Ramadan stirs debate on how long northern European Muslims should fast

(Photo: REUTERS / Kyodo)Egyptian sumo wrestler Osunaarashi, real name Abdelrahman Shalan, breaks his Ramadan fast with curry and rice with chicken cutlets in Inazawa, Aichi Prefecture, on the evening of June 30, 2014, in this photo taken by Kyodo. Osunaarashi, 22, is the first Egyptian, first African, first Arab and first Muslim to muscle his way into sumo's professional ranks, so proud of his heritage that he observed the Ramadan fast during a just-ended tournament.

An Islamic researcher for Quilliam, a counter-extremism think tank, has triggered debate over daylight timings during the Ramadan fasting month in northern Europe where summer days are much longer than in Mecca.

The Muslim holy month of Ramadan in 2015 is set to start on June 18, and will continue for 30 days until July 17.

As it approaches, and British Muslims prepare for four weeks of fasting during daylight hours, the debate on changing the Ramadan observance times in northern regions has sprung up again, The Independent newspaper reports.

Dr. Usama Haswan, a Quilliam researcher, says it would make more sense for UK Muslims to follow Mecca timings, as daylight lasts much longer as far north as Britain than it does in the Middle East.

Muslims, however, criticized a London primary school for banning Muslim pupils from fasting during Ramadan, The Telegraph reported June 14.


Barclay Primary School in Leyton, east London, sent a letter to parents stating its belief that the health of young children could be compromised if they were deprived of sustenance and water.

It said it had sought guidance and that under Islamic Law, children were not required to fast.

"Previously, we have had a number of children who became ill and children who fainted or who have been unable to fully access the school curriculum in their attempt to fast," the letter said.

The Muslim Association of Britain said there were enough rules in place to protect the vulnerable from fasting without school's interference.

"We believe that there are sufficient and stringent rules within Islam which allow those who are unable to fast, to break fast," a spokesman told Mail Online.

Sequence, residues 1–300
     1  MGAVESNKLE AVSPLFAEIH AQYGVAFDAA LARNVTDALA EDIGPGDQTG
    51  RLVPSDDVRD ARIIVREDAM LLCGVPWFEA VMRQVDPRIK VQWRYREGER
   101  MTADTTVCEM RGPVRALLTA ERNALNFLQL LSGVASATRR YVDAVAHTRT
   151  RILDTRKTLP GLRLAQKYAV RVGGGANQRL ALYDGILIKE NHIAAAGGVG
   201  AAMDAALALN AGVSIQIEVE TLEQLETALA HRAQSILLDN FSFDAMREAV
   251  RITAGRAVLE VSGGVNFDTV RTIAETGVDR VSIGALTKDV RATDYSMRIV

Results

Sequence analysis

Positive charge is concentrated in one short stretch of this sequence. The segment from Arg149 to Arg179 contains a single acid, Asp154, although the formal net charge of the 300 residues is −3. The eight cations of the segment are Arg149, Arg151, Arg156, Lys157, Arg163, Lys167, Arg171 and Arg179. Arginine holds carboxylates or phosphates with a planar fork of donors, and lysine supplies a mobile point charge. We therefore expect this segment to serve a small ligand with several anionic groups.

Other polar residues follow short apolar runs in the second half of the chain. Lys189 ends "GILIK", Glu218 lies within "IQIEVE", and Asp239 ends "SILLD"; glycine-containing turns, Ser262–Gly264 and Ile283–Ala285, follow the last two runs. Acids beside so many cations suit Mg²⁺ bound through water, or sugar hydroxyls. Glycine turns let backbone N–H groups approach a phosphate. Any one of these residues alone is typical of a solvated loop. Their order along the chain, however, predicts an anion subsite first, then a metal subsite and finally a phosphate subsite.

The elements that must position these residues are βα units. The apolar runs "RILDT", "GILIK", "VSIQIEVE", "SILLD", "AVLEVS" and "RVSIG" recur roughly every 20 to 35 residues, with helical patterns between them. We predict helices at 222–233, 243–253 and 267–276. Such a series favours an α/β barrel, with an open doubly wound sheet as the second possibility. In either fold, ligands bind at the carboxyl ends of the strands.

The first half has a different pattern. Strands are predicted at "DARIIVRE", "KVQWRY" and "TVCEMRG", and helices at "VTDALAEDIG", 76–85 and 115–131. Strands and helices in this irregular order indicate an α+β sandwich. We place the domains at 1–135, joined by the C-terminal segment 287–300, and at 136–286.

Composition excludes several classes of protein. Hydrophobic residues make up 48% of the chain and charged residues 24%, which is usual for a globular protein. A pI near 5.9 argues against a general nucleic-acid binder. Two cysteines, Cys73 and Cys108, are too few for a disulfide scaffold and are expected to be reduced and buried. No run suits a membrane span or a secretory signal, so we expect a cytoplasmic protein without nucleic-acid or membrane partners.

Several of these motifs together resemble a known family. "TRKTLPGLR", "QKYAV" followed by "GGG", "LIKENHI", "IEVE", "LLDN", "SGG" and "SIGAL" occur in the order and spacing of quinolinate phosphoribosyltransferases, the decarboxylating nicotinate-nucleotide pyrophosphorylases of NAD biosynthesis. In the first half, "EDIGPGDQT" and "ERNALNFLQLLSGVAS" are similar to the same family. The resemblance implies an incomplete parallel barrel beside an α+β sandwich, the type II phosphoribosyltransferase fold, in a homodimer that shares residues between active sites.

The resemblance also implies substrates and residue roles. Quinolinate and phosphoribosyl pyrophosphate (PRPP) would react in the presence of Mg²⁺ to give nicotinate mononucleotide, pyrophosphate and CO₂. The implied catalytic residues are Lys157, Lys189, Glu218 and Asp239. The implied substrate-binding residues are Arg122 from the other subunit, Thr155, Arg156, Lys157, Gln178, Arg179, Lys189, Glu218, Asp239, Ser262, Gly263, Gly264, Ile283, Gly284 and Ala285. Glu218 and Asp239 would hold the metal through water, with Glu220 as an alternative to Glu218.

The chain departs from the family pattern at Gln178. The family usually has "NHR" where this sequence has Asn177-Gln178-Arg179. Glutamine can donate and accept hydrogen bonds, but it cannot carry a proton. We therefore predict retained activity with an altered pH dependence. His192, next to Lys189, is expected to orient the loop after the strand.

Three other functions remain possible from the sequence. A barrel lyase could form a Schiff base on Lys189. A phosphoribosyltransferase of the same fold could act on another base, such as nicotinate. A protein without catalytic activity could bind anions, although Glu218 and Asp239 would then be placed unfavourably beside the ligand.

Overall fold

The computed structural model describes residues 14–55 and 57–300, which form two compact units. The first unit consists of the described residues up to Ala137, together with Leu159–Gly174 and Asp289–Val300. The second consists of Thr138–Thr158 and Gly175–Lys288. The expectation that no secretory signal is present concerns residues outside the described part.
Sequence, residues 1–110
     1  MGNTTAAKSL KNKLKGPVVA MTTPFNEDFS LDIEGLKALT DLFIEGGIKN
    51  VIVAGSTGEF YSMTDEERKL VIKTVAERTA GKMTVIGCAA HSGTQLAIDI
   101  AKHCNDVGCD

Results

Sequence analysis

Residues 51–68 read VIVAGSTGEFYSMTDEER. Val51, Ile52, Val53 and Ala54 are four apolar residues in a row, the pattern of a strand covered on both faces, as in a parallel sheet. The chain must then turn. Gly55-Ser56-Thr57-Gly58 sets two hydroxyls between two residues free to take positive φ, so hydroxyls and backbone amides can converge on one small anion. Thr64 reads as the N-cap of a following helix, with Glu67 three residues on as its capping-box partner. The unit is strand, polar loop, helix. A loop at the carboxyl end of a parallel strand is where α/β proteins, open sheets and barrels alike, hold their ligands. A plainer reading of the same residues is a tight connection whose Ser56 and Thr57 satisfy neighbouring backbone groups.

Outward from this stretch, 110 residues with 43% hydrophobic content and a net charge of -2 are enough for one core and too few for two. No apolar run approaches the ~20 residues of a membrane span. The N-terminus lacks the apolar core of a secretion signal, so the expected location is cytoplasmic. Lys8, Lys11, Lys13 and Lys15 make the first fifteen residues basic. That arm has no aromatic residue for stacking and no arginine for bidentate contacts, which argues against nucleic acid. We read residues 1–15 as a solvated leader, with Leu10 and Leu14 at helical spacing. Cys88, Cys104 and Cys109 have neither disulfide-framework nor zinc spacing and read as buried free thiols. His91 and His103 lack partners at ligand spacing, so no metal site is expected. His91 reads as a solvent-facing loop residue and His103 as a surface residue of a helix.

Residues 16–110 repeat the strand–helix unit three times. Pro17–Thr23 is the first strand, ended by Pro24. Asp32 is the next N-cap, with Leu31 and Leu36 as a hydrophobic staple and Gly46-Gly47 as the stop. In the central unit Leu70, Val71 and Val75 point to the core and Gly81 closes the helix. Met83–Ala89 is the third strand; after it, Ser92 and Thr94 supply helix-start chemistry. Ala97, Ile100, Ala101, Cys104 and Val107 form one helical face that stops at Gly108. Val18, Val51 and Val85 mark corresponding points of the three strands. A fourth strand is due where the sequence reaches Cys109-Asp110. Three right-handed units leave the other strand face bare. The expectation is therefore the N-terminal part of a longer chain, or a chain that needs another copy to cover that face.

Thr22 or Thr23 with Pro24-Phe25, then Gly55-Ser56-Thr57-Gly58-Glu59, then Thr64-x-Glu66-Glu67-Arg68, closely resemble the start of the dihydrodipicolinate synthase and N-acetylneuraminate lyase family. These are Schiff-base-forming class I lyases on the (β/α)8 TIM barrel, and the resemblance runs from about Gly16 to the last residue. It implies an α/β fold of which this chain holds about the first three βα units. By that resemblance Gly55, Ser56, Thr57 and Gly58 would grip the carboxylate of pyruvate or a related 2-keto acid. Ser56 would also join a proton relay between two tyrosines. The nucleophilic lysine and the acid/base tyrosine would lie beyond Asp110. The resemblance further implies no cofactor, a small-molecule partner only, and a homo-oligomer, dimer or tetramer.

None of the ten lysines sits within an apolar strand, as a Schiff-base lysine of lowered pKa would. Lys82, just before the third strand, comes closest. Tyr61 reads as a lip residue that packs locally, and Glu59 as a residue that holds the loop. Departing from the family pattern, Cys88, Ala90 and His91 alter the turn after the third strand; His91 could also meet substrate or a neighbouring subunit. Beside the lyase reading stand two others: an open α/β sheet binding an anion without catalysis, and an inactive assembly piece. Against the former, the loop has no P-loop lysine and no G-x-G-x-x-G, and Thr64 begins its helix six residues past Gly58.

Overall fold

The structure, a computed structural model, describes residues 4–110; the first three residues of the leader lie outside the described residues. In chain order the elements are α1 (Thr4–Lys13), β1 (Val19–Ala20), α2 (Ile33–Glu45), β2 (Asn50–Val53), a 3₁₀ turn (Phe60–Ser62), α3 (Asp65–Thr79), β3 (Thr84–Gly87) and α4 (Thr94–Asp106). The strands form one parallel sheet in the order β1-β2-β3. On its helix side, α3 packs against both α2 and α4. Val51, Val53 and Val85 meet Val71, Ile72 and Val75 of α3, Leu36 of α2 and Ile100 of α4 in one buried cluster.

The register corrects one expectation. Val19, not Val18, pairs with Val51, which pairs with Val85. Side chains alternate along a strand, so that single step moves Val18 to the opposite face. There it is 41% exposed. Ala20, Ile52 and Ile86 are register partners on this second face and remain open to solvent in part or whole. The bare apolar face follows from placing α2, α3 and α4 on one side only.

"These rules include those who are medically ill or compromised; or too young or too old to fast.

"However, we believe that this determination should be decided by parents with their children; who can together reach a collective decision whether or not the child can fast.

"MAB ascertains that the final choice of whether or not to fast should be the right of the parents, who should in turn encourage their children to fast without forcing them to do so."

Dr. Omer El-Hamdoon, the MAB president said parents ought to have the ultimate say in whether their child participates in the fast.

"Schools should play a supporting role to parents; and issues like this should be discussed, not blanket enforced," he said.

The Independent reports that Muslims at the East London Mosque break their fast after a long day of no food or water.

In Mecca, daylight during Ramadan is usually around 12 to 13 hours. In the southern part of the UK, it typically lasts around 16 hours or more, and the timings mean observers will have to wake up at around 4 a.m. if they want to eat in the morning.

However, in Aberdeen, more than 500 miles (800 kilometers) north of London, daylight will last for around 18 hours during Ramadan.

In Sweden's northernmost town of Kiruna the sun has not set during June and it's not going to go down before August, which would mean a permanent fast for strict Muslims there.

The start of Ramadan is based on the first sighting of the new moon, it comes earlier and earlier each year.

For the last few years, however, it has occurred during the northern hemispheres summer, meaning a much longer fasting time.

Mohammed Kharaki, a spokesman for Sweden's Islamic Association, said it had issued guidelines that said Muslims should fast between the times that the sun was last clearly seen to rise and fall.

The Independent reported that despite this concession, this could well amount to a 19-hour fast.

The newspaper stories on Ramadan fasting times sparked a twitter debate, some of it with anti-Muslim comments.

Shiraj Ahmed (@ShirajShiraj) tweeted June 11, #Provocative #Unacceptable #Discriminatory. Muslim pupils at Barclay Primary School banned from Ramadan fasting... pic.twitter.com/u8Gl2zWOXO

Peter Bickle tweeted, "Look on the bright side. Any Muslim in Antarctica can eat/drink all day as the sun does not rise in June/July."

Taniaelk's tweet said, "Barclay Primary School in East #London bans Muslim student from fasting Ramadan. That's perfect, force feeding kids into European laiceté [sic]."

theshinkicker ‏@theshinkicker said on June 12, "@taniaelk Not allowing children to eat or drink for 18 hours is cruel. If you don't like this, I suggest you migrate to Saudi."

Iftikhar Ahmad ‏@IftikharA tweeted, "@taniaelk Muslim children should be educated in State funded Muslim schools with Muslim teachers, otherwise, they would be lost."

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